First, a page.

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What you attached means nothing in this case.
The public declaration of David M. Hardy (“Hardy Decl.”), see ECF No. 9-1, which was filed concurrently with Defendant’s Motion, provided detailed information sufficient to establish, as a matter of law, that the Federal Bureau of Investigation (“FBI”) conducted a reasonable search for records responsive to Plaintiff’s FOIA request and properly withheld responsive information pursuant to FOIA Exemption 7(A). See Hardy Decl. ¶¶ 10-24. The Hardy Declaration also explained, however, that the FBI could not provide more information on the public record without adversely affecting the ongoing investigation that is the subject of Plaintiff’s FOIA request.
Exemption 7 of the FOIA, as amended, protects from disclosure "records or information compiled for law enforcement purposes, but only to the extent that the production of such law enforcement records or information (A) could reasonably be expected to interfere with enforcement proceedings, (B) would deprive a person of a right to a fair trial or an impartial adjudication, (C) could reasonably be expected to constitute an unwarranted invasion of personal privacy, (D) could reasonably be expected to disclose the identity of a confidential source, including a State, local, or foreign agency or authority or any private institution which furnished information on a confidential basis, and, in the case of a record or information compiled by a criminal law enforcement authority in the course of a criminal investigation, or by an agency conducting a lawful national security intelligence investigation, information furnished by a confidential source, (E) would disclose techniques and procedures for law enforcement investigations or prosecutions, or would disclose guidelines for law enforcement investigations or prosecutions if such disclosure could reasonably be expected to risk circumvention of the law, or (F) could reasonably be expected to endanger the life or physical safety of any individual."
As such, it was consistently construed to exempt all material contained in an investigatory file, regardless of the status of the underlying investigation or the nature of the documents requested. (3) In 1974, Congress rejected the application of a "blanket" exemption for investigatory files and narrowed the scope of Exemption 7 by requiring that withholding be justified by one of six specified types of harm. (4) Under this revised Exemption 7 structure, an analysis of whether a record was protected by this exemption involved two steps: First, the record had to qualify as an "investigatory record compiled for law enforcement purposes"; second, its disclosure had to be found to threaten one of the enumerated harms of Exemption 7's six subparts.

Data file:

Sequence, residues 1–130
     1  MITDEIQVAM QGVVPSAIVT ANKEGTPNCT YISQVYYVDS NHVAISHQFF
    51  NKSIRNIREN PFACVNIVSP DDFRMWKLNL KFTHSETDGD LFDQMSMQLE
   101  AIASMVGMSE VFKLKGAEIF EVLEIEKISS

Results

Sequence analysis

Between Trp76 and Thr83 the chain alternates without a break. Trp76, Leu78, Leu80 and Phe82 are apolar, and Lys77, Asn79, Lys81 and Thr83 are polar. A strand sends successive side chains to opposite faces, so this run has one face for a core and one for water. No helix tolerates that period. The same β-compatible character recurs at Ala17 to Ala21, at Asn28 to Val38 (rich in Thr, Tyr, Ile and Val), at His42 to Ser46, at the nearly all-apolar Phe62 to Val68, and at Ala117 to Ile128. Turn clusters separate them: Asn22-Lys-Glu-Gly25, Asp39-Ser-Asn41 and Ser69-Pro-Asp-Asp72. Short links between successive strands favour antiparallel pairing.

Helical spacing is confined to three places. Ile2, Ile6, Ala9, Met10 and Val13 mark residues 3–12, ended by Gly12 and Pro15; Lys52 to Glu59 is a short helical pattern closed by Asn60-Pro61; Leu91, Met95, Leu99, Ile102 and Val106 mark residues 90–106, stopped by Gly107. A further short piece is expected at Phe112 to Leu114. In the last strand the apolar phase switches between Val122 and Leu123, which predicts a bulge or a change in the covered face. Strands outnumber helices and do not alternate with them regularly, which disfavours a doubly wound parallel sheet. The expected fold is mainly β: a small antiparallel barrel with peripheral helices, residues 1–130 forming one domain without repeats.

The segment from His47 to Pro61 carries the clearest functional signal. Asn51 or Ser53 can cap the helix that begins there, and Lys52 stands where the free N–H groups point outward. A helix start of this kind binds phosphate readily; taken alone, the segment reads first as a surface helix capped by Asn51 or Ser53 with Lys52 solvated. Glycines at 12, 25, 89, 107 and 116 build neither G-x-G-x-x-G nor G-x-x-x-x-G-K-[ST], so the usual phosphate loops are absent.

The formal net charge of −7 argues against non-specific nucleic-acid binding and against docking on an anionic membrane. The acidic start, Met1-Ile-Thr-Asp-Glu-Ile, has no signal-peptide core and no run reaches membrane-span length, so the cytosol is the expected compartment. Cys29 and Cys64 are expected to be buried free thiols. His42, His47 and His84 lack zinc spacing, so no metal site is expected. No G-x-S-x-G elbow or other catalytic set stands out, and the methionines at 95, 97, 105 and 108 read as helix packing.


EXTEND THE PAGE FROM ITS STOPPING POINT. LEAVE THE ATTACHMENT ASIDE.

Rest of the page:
Under this exemption, an agency must demonstrate that the records “relate to any ongoing investigation or . . . would jeopardize any future law enforcement proceedings.”26 The government must make a greater showing of interference than a conclusory statement that “the withheld information was clearly related to (an ongoing investigation).”27 If possible, you should provide evidence that an agency’s investigation is not — or has ceased — “gather[ing] evidence for a possible future . . . case” that “would be jeopardized by the premature release of that evidence.”
The very heart of FBI operations lies in our investigations—which serve, as our mission states, “to protect and defend the United States against terrorist and foreign intelligence threats and to enforce the criminal laws of the United States.” We currently have jurisdiction over violations of more than 200 categories of federal law, and you can find the major ones below, grouped within our national security and criminal priorities. Also visit our Intelligence program site, which underpins and informs all our investigative programs.
NOT ONCE have I attacked your character or femininity. I have pointed out holes in your argument, nothing personal there. Also, my feelings aren't hurt.
originally posted by: Sillyolme I've been saying from the first that she's not going to be charged and I'm being proven correct.
Near the beginning of a recent interview, an FBI investigator broached a topic with longtime Hillary Clinton aide Cheryl Mills that her lawyer and the Justice Department had agreed would be off limits, according to several people familiar with the matter. Mills and her lawyer left the room -- though both returned a short time later - and prosecutors were somewhat taken aback that their FBI colleague had ventured beyond what was anticipated, the people said.